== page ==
Barchi fully supports carbon-neutral plan for 2030

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<p>University President Robert L. Barchi said Rutgers will need to retrofit most, if not all, of its existing buildings in order to reach carbon neutrality.</p>

 

University President Robert L. Barchi said Rutgers will need to retrofit most, if not all, of its existing buildings in order to reach carbon neutrality.


University President Robert L. Barchi fully supports developing a plan to reach carbon neutrality at Rutgers University by 2030, which is one of the demands of the Central Jersey Climate Coalition (CJCC), a group of students, faculty and members of the local community who plan on participating in the Global Climate Strike this Friday. 

“President Barchi commends members of our community for highlighting this issue and fully supports developing a plan to reach carbon neutrality at Rutgers University by 2030,” said Dory Devlin, a University spokesperson, in a statement to The Daily Targum. 

In response, the coalition is hoping Barchi will continue to fully commit to a carbon neutral plan by 2030. 

“The Union appreciates the spirit of cooperation and goodwill evident in President Barchi’s first response to Friday’s rally. It is unclear whether he is, in fact, committing the University to carbon neutrality by 2030,” said David Hughes, a professor in the Department of Anthropology, on behalf of the Rutgers American Association of University Professors and American Federation of Tearchers.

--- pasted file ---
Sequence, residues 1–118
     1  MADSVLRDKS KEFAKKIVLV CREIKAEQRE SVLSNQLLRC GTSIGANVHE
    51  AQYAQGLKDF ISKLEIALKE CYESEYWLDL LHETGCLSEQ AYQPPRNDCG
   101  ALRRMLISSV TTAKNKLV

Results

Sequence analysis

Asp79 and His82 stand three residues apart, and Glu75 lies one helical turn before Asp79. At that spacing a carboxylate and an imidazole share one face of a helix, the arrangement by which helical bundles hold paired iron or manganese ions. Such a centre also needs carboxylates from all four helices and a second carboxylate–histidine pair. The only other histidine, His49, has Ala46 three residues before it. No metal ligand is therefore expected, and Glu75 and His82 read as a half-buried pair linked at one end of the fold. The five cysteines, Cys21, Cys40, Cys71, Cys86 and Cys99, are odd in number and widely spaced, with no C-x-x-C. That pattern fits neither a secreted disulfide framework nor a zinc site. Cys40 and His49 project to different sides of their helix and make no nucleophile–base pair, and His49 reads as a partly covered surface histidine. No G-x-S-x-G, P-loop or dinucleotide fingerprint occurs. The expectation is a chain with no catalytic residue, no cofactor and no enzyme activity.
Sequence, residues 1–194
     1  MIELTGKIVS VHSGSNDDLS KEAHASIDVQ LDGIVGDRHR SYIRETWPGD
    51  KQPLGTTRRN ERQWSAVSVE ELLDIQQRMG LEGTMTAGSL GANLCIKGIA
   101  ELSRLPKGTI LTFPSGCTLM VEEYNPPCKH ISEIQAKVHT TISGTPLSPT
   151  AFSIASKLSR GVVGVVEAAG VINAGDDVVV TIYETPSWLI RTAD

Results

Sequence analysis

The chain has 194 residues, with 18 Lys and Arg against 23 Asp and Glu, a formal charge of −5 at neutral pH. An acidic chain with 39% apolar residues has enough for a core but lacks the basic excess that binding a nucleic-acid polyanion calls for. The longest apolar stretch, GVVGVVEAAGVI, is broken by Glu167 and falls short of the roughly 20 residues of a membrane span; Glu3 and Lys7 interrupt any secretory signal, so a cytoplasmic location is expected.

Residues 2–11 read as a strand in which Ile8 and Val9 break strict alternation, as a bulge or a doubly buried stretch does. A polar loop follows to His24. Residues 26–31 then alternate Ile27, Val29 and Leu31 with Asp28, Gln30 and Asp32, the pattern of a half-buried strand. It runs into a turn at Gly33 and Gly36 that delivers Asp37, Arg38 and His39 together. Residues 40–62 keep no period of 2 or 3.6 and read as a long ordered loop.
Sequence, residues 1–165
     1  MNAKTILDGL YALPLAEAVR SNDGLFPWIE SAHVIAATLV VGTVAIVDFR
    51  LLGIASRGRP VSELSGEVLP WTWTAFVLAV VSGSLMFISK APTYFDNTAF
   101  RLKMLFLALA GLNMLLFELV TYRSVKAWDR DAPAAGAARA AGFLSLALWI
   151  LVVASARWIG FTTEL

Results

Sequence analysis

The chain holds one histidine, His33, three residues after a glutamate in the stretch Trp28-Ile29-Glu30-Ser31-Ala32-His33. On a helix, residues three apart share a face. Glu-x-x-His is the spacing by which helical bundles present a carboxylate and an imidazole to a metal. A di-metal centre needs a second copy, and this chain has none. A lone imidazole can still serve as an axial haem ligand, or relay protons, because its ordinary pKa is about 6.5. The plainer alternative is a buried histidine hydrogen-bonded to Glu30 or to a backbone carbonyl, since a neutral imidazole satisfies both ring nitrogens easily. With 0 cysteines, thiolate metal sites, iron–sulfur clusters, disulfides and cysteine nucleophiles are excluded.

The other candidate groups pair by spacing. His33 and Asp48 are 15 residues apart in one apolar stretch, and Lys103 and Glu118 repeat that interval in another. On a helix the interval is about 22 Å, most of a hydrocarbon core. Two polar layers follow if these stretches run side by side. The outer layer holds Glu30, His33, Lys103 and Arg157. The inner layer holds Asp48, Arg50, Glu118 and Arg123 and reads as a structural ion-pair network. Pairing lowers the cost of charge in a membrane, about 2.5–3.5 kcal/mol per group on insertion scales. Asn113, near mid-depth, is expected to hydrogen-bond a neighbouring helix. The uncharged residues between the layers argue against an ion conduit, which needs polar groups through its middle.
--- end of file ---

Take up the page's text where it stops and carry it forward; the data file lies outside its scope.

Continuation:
He said, “If so, we look forward to the formal declaration of that goal as articulated by other major universities. This cut in carbon emissions will require much more than LEED standards on new construction. The University will need to retrofit most, if not all, of its existing buildings. The Union’s climate faculty are ready to work with the Administration to make that so. Our students — who are the future of Rutgers and the world — deserve nothing less.” 

The University’s statement also noted that all new buildings are LEED certified, and there are 3,400 solar panels on Livingston campus that are capable of supplying energy to the entire campus. 

“Rutgers is proud to be the home of world-renowned experts on climate sciences and climate policy,” Devlin said in the statement. “Making sustainable choices in purchasing and operations is a priority for the University.”

The Targum reported yesterday that the CJCC was asking for the University to create an office of sustainability, divest in fossil fuels in its endowment, develop a plan to become carbon-neutral by 2030 and endorse the Green New Deal. 

“President Barchi looks forward to the active participation of the University’s climate change experts in formulating a plan that contributes to the extensive, ongoing work on sustainability already happening across the University,” Devlin said in the statement. 


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